The winter is slowly starting to release it’s grip of the nature in Lapland and the Arctic Canoe Route. Usuauly the ice starts to break also along the calm parts of the rivers at this time of year however it seems as the winter will keep us in it’s grip a couple of weeks longer this year.
The most common question that we get to us is about how many rapids there is along the 520 km route.
– There is a total of 151 rapids along the route.
Class I – 60
Class II – 51
Class III – 29
Class IV – 6
Class V – 5
Please keep in mind that these classifications may change a bit during high water flow in the river!
So, what is the difference between a class I or a class V rapid?
You can here below you can find the international rapid scale taken directly from Wikipedia.
Class I – Fast moving water with riffles and small waves. Few obstructions, all obvious and easily missed with little training. Risk to swimmers is slight; self-rescue is easy.
Class II – Straightforward rapids with wide, clear channels which are evident without scouting. Occasional maneuvering may be required, but rocks and medium-sized waves are easily avoided by trained paddlers. Swimmers are seldom injured and group assistance, while helpful, is seldom needed. Rapids that are at the upper end of this difficulty range are designated Class II+.
Class III – Rapids with moderate, irregular waves which may be difficult to avoid and which can swamp an open canoe. Complex maneuvers in fast current and good boat control in tight passages or around ledges are often required; large waves or strainers may be present but are easily avoided. Strong eddies and powerful current effects can be found, particularly on large-volume rivers. Scouting is advisable for inexperienced parties. Injuries while swimming are rare; self-rescue is usually easy but group assistance may be required to avoid long swims. Rapids that are at the lower or upper end of this difficulty range are designated Class III- or Class III+ respectively.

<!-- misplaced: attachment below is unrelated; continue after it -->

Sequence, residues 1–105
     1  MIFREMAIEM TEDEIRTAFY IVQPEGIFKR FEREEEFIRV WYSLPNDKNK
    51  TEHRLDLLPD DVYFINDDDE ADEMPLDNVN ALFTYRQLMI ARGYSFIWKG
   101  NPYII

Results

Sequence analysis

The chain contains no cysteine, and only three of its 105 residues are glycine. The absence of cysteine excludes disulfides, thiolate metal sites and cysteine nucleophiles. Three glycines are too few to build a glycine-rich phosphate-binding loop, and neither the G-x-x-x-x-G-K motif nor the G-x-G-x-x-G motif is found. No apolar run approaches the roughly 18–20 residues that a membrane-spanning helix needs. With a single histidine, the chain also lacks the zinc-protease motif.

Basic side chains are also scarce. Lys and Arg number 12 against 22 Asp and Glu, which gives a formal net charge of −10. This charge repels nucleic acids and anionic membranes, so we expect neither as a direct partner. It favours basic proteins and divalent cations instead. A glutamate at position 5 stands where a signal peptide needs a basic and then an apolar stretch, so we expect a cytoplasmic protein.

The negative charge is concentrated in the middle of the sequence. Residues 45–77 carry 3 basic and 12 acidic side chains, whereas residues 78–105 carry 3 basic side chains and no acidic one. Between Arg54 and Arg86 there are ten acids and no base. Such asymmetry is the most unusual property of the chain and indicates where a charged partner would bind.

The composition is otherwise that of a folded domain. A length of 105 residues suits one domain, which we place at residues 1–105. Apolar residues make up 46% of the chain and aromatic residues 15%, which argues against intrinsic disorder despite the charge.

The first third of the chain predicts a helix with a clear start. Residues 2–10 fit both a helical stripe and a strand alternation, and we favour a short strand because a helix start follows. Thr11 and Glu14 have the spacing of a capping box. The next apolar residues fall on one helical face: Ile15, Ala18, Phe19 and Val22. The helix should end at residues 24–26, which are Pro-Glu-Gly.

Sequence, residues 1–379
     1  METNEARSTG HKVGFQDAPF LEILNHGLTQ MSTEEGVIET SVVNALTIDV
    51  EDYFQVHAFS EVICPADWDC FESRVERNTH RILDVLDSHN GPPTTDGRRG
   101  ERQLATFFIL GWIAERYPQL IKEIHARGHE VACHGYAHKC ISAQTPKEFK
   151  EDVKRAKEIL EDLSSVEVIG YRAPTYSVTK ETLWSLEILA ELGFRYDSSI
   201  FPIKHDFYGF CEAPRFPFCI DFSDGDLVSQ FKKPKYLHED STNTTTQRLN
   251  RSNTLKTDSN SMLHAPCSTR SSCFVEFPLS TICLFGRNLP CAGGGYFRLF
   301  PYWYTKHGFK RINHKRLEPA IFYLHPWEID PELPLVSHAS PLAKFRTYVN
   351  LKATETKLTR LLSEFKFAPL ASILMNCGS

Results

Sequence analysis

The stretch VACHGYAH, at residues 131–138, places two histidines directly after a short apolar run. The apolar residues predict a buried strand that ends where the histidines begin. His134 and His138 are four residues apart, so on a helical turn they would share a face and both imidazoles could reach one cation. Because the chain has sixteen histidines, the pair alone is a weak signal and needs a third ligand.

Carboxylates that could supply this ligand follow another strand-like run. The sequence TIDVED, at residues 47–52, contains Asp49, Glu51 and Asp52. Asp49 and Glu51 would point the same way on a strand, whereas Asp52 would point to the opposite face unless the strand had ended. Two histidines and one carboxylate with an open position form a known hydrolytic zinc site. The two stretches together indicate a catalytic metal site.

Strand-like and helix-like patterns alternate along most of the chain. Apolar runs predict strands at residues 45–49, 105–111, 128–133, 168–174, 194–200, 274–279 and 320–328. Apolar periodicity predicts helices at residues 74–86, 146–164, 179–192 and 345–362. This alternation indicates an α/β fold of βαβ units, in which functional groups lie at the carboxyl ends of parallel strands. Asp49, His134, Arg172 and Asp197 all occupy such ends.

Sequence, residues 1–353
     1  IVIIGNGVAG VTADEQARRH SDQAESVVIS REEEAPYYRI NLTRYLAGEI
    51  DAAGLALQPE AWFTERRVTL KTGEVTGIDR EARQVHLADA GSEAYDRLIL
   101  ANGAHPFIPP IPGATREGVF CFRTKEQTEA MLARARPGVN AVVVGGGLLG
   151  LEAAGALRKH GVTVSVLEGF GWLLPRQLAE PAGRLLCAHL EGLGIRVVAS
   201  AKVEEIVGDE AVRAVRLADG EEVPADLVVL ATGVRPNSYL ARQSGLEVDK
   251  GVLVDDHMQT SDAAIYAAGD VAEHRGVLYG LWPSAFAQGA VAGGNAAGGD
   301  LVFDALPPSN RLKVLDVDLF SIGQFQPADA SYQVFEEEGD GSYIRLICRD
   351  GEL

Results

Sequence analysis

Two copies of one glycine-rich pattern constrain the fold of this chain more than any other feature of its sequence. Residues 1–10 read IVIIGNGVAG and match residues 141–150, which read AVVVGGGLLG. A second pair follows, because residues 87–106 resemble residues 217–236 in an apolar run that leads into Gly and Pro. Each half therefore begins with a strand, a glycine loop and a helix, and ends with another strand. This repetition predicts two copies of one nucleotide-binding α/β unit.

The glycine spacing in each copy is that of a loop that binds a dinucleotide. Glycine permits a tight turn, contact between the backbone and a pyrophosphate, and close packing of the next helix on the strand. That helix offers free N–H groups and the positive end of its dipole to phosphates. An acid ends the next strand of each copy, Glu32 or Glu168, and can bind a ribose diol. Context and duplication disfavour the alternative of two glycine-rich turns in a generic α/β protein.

Class IV – Intense, powerful but predictable rapids requiring precise boat handling in turbulent water. Depending on the character of the river, it may feature large, unavoidable waves and holes or constricted passages demanding fast maneuvers under pressure. A fast, reliable eddy turn may be needed to initiate maneuvers, scout rapids, or rest. Rapids may require “must make” moves above dangerous hazards. Scouting may be necessary the first time down. Risk of injury to swimmers is moderate to high, and water conditions may make self-rescue difficult. Group assistance for rescue is often essential but requires practiced skills. For kayakers, a strong roll is highly recommended. Rapids that are at the lower or upper end of this difficulty range are designated Class IV- or Class IV+ respectively.
Class V – Extremely long, obstructed, or very violent rapids which expose a paddler to added risk. Drops may contain large, unavoidable waves and holes or steep, congested chutes with complex, demanding routes. Rapids may continue for long distances between pools, demanding a high level of fitness. What eddies exist may be small, turbulent, or difficult to reach. At the high end of the scale, several of these factors may be combined. Scouting is recommended but may be difficult. Swims are dangerous, and rescue is often difficult even for experts. Proper equipment, extensive experience, and practiced rescue skills are essential
We want to once more point out that all the tours that will be arranged by us will inclued all necessary equipment needed and of course also certified guied for the purpose with the saftey as nr 1.